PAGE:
Friday, May 25, 2012

What if?

Sometimes I just wonder about our teaching practices, especially the ones I spend a great deal of time being on both sides of with very little peace about.

Reactions to "canonical" (used loosely here) knowledge are one of my biggest issues.  To me, canonical knowledge is defined as:
  1. The "traditional" take on the "traditional" works
  2. The ability to perform seemingly lower order levels of Bloom's taxonomy in such a way that we feel our own principles have been violated.
Cases in point--examples of part 1:
  • The Problem:  The necessity of teaching Shakespeare repeatedly in high school.  

    The Choice:  Sure, there's a ton of other great stuff out there. Yes, there is in fact literature from other ethnic groups that maybe should be represented in our classes and may have a little more bearing on our students lives than some of the more (ahem) antiquated English works.  I mean, yes, I still think we need Shakespeare.  In fact, I love Shakespeare.  But in a multicultural world, perhaps I would have benefited from another perspective. 

    The Rub:  I know I'm supposed to be preparing my students for further academic study and most further academic study requires understanding of Shakespeare, not Toni Morrison.
  • The Problem:  Teaching Newton and physics

    The Choice:  I could show quite a bit of evidence of other thinkers from China, India, and the Middle East.

    The Rub:  That material is not readily available to me, would require a lot of digging on my part and I might still not get it right, and, if the kids were ever tested, the Newton answer would be the one that was considered correct.
Cases in point--examples of part 2:
  • The Problem:  Teaching reading comprehension, particularly ESL, with a controversial text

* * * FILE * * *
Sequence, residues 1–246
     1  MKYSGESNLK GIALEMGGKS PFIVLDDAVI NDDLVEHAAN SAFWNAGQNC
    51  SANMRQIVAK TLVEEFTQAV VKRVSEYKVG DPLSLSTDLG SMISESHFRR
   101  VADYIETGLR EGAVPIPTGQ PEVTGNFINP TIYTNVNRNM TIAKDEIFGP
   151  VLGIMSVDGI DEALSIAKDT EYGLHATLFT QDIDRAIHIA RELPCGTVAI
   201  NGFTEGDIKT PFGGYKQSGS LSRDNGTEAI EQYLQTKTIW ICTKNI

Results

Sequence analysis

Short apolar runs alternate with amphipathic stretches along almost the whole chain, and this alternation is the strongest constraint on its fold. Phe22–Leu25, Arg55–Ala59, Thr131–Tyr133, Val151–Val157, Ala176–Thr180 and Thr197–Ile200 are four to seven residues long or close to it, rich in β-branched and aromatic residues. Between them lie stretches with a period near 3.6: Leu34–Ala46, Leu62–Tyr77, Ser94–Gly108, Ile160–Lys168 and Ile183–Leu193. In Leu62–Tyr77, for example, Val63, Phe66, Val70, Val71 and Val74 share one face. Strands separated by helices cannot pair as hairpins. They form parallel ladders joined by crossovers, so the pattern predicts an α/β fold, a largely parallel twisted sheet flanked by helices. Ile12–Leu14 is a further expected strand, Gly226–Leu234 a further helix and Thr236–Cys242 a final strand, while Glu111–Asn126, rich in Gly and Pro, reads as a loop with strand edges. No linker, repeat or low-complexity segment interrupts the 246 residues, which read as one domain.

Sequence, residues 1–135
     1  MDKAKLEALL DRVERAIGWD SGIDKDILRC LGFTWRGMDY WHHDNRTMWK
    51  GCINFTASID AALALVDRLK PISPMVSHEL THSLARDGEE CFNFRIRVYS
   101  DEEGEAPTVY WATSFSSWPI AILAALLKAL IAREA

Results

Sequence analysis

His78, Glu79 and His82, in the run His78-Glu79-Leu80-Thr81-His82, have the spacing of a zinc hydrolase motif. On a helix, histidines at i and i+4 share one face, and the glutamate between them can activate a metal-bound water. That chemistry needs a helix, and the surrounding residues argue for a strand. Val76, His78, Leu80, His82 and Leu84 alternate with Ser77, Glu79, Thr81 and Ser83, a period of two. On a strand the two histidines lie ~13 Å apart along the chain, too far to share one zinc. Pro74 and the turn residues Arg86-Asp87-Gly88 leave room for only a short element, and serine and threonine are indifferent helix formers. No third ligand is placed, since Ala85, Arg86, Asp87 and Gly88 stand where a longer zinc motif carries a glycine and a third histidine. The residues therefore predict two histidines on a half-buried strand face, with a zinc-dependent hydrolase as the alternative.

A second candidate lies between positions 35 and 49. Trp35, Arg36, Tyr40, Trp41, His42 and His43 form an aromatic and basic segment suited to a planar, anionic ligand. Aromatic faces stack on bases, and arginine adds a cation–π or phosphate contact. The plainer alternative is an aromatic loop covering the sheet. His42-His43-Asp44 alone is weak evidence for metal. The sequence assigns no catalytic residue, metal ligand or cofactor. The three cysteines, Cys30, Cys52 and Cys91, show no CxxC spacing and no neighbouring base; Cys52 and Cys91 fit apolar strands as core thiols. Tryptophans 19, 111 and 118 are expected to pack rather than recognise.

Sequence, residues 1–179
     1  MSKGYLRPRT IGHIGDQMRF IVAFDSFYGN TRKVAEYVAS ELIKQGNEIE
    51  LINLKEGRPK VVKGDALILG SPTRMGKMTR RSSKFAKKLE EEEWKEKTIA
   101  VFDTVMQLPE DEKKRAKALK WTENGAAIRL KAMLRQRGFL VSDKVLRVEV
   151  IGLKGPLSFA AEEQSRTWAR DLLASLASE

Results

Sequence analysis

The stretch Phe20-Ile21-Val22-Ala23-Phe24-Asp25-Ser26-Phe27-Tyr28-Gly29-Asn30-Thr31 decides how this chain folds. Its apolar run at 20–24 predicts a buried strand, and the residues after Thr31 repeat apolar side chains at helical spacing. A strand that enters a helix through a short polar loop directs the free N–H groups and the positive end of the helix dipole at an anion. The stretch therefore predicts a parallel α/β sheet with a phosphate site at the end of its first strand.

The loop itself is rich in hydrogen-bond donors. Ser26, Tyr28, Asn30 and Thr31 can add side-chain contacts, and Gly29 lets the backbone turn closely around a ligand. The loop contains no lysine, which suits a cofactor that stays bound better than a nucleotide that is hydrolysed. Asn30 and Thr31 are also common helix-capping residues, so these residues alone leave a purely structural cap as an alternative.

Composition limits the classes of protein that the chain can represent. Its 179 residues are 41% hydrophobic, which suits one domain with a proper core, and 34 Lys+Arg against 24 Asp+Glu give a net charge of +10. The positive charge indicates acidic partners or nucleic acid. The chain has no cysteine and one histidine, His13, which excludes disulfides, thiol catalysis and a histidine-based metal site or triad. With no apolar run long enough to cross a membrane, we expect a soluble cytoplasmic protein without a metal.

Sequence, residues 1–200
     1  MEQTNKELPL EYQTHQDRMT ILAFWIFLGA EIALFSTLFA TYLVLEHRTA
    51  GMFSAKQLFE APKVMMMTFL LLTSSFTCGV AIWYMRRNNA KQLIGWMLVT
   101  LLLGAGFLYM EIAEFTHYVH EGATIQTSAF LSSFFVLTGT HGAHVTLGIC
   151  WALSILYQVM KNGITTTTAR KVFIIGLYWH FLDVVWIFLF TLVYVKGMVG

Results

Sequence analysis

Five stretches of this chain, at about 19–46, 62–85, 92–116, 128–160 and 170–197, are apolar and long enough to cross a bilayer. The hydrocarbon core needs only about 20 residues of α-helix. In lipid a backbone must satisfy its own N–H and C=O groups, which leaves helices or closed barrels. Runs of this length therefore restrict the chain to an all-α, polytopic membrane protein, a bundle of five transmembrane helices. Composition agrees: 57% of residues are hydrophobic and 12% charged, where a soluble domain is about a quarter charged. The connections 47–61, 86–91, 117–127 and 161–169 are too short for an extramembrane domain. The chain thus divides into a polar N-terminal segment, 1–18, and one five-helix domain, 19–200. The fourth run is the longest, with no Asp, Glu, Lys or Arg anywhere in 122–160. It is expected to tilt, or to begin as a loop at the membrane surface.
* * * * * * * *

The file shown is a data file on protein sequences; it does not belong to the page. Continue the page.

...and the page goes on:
The Choice:  Usually reading comprehension books choose articles which take sides for a few reasons.  First, it's easier to gain interest from the student.  Second, it's easier to summarize.  Third, it clearly shows how to build an argument--even if the argument may not be unbiased.

    The Rub:  For students to show that they have understood, they have to repeat arguments with which they may vehemently disagree.  There is often no outlet to voice such disagreement.
  • The Problem:  Preparing students for reading comprehension on the SAT/PSAT

    The Choice: 
    I could encourage them to use what they already know as well as decompress the text for an in-depth reading, but both can backfire.

    The Rub:  Often these excerpts are chosen because they touch upon a common academic thread but may take an uncommon view on it.  Once again, students are asked what the author believes.  There is no outlet to say what they believe, no matter how problematic the information that they have just parroted is to them.

What if we asked for real reactions first?  What if we used Marshall Rosenberg's NVC outline of using specific observations, hooking them with feelings, looking for the needs that underlie the feelings, and then having a step to go (an academic step) before we tried to teach the "approved" view?

I still think that the approved view is important.  The canon is one of the elephants in the room.  I don't think that we can eliminate it, even if we only use it to help provide understanding of what must be overcome to move forward.  But perhaps showing a preference for the students' gut reactions and slowly funneling them into academic arguments would not only help in clearing the air so that they can understand the orthodox view.  It may also make them feel heard so that they do not feel hindered in repeating the orthodox view when asked.  And, most importantly, marshaling their feelings and views into an academic format may give them a chance to have those alternate views heard, effectively expressed, and hopefully incorporated into our future.

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